Hormonal Factors Likely Cause of Increased Breast Cancer in Young Women, Doctors Suggest

Feb 28, 2013, 11:10 ET from Association of American Physicians and Surgeons (AAPS)

TUCSON, Ariz., Feb. 28, 2013 /PRNewswire-USNewswire/ -- The increase in invasive breast cancer in young women over the past 3 decades, reported in the Feb. 27 issue of the Journal of the American Medical Association (JAMA), is not a new finding, states the Association of American Physicians and Surgeons (AAPS).

For years, breast surgeons have been seeing widely metastatic breast cancer—formerly a disease of older women—in young mothers of the Roe v Wade generation. Angela Lanfranchi, M.D., explained the role of hormones of pregnancy in a 2008 issue of the Journal of American Physicians and Surgeons.

The 2,000 percent increase in estrogen early in pregnancy causes proliferation of cancer-vulnerable Type 1 and Type 2 lobules. Induced abortion prevents the transformation of this tissue into cancer-resistant Type 4 lobules that occurs late in pregnancy due to hormones produced by the maturing fetal-placental unit.

The incidence of breast cancer increased 40 percent between 1973 and 1998, and breast cancer became a young woman's disease, wrote Karen Malec of the Coalition on Abortion/Breast Cancer in a 2003 article. While at least 29 published studies have shown a significant association between induced abortion and breast cancer, the link is denied by the National Cancer Institute.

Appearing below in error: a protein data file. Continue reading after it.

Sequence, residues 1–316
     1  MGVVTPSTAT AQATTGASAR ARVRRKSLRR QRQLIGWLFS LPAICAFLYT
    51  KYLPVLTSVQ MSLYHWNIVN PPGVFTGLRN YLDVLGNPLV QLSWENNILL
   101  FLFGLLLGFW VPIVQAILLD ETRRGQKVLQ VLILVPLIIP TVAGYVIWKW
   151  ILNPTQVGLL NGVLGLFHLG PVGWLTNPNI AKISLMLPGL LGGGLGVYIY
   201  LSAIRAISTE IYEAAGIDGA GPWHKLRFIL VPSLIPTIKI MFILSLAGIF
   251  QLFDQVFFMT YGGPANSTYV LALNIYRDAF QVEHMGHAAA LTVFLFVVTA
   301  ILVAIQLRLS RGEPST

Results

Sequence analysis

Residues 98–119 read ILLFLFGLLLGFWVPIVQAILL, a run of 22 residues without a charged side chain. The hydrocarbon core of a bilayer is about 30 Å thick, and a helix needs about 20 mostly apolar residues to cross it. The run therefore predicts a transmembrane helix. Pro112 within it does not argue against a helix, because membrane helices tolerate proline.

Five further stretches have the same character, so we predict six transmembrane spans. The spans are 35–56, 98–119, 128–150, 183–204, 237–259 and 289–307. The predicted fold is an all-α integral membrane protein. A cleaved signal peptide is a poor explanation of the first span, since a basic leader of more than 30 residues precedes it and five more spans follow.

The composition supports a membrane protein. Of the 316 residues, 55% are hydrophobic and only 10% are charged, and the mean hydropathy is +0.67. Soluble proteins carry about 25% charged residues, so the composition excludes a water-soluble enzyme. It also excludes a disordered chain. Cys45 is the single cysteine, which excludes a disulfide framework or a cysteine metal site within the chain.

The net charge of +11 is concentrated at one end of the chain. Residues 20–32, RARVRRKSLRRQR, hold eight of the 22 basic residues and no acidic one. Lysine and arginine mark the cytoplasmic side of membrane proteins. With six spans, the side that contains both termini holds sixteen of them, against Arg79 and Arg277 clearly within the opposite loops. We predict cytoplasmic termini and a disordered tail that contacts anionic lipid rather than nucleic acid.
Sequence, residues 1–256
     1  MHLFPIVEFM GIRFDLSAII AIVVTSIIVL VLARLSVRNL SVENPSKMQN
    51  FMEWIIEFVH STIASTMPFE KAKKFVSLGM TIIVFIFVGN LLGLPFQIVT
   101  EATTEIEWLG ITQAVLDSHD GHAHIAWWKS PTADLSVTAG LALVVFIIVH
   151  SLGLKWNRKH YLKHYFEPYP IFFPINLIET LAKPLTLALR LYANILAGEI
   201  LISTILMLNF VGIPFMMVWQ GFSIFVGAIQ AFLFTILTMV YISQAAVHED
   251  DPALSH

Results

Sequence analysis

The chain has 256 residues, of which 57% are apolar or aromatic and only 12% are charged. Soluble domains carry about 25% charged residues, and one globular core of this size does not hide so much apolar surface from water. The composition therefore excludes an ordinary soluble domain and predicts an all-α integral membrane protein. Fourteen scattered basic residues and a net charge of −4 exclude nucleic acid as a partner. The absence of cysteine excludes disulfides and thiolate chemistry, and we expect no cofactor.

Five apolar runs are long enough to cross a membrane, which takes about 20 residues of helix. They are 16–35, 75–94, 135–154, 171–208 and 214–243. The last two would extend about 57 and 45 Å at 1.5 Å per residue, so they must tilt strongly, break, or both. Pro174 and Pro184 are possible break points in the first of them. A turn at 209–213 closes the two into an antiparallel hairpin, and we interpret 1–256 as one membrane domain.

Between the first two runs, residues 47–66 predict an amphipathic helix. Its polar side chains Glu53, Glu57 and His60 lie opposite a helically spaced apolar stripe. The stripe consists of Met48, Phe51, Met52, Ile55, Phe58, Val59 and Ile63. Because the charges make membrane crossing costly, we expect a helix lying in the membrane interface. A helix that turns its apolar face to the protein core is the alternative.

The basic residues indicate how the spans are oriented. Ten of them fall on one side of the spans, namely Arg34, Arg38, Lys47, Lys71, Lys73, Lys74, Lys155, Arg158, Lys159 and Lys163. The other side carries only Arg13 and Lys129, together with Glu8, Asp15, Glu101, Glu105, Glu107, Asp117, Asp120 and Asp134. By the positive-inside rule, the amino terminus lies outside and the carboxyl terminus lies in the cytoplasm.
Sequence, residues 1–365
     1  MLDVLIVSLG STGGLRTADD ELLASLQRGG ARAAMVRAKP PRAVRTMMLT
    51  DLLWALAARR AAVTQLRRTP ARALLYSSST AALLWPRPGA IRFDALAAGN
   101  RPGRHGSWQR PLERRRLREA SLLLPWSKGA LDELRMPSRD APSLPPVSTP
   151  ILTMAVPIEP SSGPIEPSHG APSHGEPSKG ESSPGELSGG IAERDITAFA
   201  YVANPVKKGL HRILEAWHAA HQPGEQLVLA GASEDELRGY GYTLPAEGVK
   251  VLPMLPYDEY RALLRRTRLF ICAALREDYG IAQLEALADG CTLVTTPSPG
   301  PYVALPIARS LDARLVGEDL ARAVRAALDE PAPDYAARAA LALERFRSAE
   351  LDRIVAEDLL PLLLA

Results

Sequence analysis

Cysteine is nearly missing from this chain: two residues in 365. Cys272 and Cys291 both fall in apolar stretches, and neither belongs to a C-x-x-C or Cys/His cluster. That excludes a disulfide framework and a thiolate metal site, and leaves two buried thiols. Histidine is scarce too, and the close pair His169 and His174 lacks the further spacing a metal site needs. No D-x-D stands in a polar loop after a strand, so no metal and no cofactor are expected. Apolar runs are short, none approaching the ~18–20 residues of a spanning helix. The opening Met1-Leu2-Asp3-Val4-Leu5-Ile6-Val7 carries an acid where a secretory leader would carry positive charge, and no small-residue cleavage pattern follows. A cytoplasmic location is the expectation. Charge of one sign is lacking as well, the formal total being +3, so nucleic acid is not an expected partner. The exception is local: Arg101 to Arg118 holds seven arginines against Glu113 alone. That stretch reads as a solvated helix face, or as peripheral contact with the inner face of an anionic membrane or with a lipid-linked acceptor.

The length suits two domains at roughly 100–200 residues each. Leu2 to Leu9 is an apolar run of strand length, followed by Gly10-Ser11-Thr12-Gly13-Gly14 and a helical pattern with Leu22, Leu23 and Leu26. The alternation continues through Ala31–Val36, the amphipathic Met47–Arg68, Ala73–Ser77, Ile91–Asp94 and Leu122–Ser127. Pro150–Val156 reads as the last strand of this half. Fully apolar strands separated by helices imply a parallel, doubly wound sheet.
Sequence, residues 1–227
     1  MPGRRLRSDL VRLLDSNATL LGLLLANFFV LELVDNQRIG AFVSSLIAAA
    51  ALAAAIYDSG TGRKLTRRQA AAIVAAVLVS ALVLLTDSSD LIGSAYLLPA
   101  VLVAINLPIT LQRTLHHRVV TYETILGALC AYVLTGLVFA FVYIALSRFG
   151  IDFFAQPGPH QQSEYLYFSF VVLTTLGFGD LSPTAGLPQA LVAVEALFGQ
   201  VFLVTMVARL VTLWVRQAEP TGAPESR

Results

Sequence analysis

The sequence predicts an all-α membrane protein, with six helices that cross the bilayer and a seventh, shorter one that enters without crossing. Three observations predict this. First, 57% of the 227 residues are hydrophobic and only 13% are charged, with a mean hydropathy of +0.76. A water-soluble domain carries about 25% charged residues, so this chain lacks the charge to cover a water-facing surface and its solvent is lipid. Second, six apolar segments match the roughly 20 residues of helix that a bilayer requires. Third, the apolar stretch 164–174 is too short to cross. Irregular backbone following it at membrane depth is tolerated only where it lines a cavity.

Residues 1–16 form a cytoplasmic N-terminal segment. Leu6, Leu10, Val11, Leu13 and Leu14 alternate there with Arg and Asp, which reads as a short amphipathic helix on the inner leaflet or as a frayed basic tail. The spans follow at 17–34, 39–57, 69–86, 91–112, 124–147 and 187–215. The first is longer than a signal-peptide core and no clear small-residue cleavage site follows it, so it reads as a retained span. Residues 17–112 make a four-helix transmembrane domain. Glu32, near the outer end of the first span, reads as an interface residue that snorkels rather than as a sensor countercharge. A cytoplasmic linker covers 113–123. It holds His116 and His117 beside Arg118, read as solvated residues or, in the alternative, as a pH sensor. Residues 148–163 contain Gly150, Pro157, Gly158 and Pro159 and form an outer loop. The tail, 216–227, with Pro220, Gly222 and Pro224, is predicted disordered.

In a 2005 article, Joel Brind, Ph.D., of Baruch College discussed methodologic flaws in the prospective studies used by NCI in its denial. The flaws are serious enough to invalidate the negative findings.

An additional risk is the widespread use of hormonal contraceptives (birth control pills), which the World Health Organization determined to be a human carcinogen in 2005. Women are quite likely to be given the Pill right after an abortion has left their breasts in a more vulnerable state.

"Patients have the right to know about potential side effects of medical treatments," stated AAPS executive director Jane M. Orient, M.D. "Yet the abortion industry and abortion-rights advocates in government and academia are failing to disclose the evidence and rationale for an abortion/breast cancer link."

In an amicus brief filed in Ayotte v. Planned Parenthood, concerning parental notification for abortion in minors, AAPS cited a review article concluding that "clinicians are obliged to inform pregnant women that a decision to abort her first pregnancy may almost double her lifetime risk of breast cancer through loss of the protective effect of a completed first full-term pregnancy earlier in life." This effect is most pronounced in women under age 20.

The heartbreak of deadly breast cancer in mothers with young children may draw much needed attention to the hormonal factor.

The Association of American Physicians and Surgeons (AAPS) is a national organization representing physicians in all specialties, founded in 1943.

SOURCE Association of American Physicians and Surgeons (AAPS)